Star Spangled Banner Should be for International Sporting Events Only

Star Spangled Banner Should be for International Sporting Events Only

Political Marketing was my favorite class when I was in graduate school, and many lessons learned from that course stick with me to this day. I selected jingoism, extremist patriotism and all things marketing of the red, white and blue as my term paper topic for this specific course.

Although I penned that paper back during the Bush 43 administration, insights reached back then have as much relevance today as ever. In studying the Star Spangled Banner as well as everyone who takes the national anthem way too seriously, I saw that the plot to Francis Scott Key’s tune was lost a long time ago. We really don’t need it to be played anymore at every single sporting event. It really needs to be reserved for just international competitions at this point.


When US Soccer legend and FOX Sports commentator Alexi Lalas gave his really bad take, via Twitter, on the topic and then apologized later, I really felt that this has all jumped the shark. Just like Drew Brees, you have a sports icon who doesn’t get it, then walks it back, and sounds extremely disingenuine in doing so. Of course, what the anthem really means or is/was supposed to mean is something that went away a long time ago.

Now the most meaningful part of this exercise is speculating on who will stand or kneel for it. You can even make prop bets on it, with betting codes available. Don’t take my word for the anthem outliving its worth at sporting events- just listen to former United States Men’s Soccer Head Coach Bruce Arena.

“I question why we’re playing the anthem in professional sporting events in our country … it puts people in awkward positions,” said Arena, currently the head coach of Major League Soccer club New England Revolution (a side that have about as patriotic or jingoistic a brand identity as anyone in American sports.

FOXBORO, MA - SEPTEMBER 24: Members of the New England Patriots kneel during the National Anthem before a game against the Houston Texans at Gillette Stadium on September 24, 2017 in Foxboro, Massachusetts. (Photo by Jim Rogash/Getty Images)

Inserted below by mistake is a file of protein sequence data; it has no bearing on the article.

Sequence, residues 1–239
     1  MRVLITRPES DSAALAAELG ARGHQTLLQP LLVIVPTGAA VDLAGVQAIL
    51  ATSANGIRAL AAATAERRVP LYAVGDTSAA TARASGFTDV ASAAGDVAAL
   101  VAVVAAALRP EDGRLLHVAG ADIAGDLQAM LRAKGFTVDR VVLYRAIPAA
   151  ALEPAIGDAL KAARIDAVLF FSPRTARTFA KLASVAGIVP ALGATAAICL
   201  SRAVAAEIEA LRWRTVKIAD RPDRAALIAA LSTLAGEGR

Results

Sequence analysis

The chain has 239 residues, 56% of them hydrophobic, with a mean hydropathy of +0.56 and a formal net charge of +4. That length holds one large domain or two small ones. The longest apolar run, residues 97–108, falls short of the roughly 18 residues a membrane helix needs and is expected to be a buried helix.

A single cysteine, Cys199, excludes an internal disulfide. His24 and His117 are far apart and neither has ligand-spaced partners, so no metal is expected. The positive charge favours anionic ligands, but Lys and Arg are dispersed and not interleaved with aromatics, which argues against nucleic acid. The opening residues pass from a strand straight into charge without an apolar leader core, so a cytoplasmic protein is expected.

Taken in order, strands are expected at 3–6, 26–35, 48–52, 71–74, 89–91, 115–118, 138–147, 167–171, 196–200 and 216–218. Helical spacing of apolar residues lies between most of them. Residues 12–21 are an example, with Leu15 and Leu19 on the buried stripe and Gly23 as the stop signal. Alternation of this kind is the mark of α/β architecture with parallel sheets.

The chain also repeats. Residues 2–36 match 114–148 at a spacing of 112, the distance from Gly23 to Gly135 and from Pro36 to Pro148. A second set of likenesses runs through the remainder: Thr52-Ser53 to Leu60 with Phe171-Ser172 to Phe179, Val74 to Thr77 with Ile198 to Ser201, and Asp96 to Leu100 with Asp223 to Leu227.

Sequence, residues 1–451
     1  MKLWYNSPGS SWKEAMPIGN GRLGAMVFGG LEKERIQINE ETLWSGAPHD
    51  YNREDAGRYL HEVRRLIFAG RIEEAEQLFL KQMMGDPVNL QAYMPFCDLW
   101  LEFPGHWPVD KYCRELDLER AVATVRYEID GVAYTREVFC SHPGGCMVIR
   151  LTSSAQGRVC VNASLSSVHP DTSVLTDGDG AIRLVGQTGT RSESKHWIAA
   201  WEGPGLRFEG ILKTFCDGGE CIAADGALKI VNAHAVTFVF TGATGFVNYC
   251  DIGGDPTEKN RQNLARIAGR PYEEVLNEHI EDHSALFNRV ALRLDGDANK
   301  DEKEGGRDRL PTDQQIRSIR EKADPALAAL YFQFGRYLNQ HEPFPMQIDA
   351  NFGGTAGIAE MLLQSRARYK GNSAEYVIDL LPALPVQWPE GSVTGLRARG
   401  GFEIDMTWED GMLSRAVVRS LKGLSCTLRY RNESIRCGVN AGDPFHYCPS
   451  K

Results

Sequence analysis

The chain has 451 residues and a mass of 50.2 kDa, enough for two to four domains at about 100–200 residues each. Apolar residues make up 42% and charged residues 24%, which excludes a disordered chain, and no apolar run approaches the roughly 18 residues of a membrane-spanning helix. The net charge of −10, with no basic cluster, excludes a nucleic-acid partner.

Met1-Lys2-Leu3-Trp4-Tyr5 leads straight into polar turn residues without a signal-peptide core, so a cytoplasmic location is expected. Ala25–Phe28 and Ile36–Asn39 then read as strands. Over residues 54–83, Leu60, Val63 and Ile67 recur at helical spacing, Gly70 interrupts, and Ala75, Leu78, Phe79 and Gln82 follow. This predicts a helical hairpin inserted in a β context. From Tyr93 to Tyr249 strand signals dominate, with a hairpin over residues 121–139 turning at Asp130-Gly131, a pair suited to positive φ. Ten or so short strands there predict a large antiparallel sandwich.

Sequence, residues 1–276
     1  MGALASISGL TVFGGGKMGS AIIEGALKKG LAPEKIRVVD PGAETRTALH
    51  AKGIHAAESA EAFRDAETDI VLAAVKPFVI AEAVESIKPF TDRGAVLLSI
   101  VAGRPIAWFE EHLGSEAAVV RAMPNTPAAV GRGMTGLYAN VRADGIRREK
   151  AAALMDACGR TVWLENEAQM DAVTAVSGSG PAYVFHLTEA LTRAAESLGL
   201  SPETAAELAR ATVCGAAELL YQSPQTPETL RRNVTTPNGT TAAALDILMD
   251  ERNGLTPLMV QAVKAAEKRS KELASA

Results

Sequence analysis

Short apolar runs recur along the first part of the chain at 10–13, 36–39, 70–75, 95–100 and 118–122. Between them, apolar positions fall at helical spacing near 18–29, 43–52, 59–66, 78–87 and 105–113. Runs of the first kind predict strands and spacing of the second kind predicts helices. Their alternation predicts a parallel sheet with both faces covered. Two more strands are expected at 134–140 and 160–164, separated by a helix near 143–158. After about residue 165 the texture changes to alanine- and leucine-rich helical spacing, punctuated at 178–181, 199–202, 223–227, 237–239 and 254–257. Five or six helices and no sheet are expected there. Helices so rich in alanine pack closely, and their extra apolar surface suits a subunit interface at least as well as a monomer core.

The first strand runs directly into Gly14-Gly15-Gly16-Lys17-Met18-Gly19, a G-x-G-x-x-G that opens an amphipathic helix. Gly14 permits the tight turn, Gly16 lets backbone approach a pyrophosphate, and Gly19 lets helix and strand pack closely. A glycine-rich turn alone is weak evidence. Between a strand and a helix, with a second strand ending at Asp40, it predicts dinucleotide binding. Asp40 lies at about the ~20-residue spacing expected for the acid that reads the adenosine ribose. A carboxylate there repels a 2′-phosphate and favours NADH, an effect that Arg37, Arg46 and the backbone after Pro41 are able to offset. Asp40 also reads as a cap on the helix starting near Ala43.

FOXBORO, MA – SEPTEMBER 24: Members of the New England Patriots kneel during the National Anthem before a game against the Houston Texans at Gillette Stadium on September 24, 2017 in Foxboro, Massachusetts. (Photo by Jim Rogash/Getty Images)

“We don’t use the anthem in movie theatres, on Broadway, other events in the US. I don’t think it’s appropriate to have a national anthem before a baseball game or an MLS game.”

Arena pointed out how many MLS players were born outside the U.S.

“In MLS, most of the players standing on the field during the national anthem are international players. They aren’t even Americans. So why are we playing the national anthem?… Having said that, I want it understood, I’m very patriotic, but I just think it’s inappropriate. And today, it’s becoming too big of an issue.”

colin kaepernick

“I understand why people are kneeling … if they’re respectful, it’s appropriate. I’m the most patriotic person you’re going to be around … Honored to represent the US in World Cups and international matches. I think playing the national anthem is clearly appropriate at those levels.”

I couldn’t agree more! For nation vs. nation, blare the Star Spangled Banner as loud as you want! For band of athletic mercenaries loosely affiliated with my city vs. band of athletic mercenaries loosely affiliated with your city, let’s just forego the anthem. 

The longer we don’t have sports, on account of how are federal government mishandling the pandemic worse than every other nation on Earth, the more time will be filled with sports figures saying dumb things about the Star Spangled Banner and the more weary we’ll grow of all the hot takes, reactions and reactions to the reactions. It’s best to just let it go and move on.

Long before much of the population completely misunderstood what Colin Kaepernick and company were trying to say by taking a knee during the playing of the anthem, the meaning of the ritual was bastardized.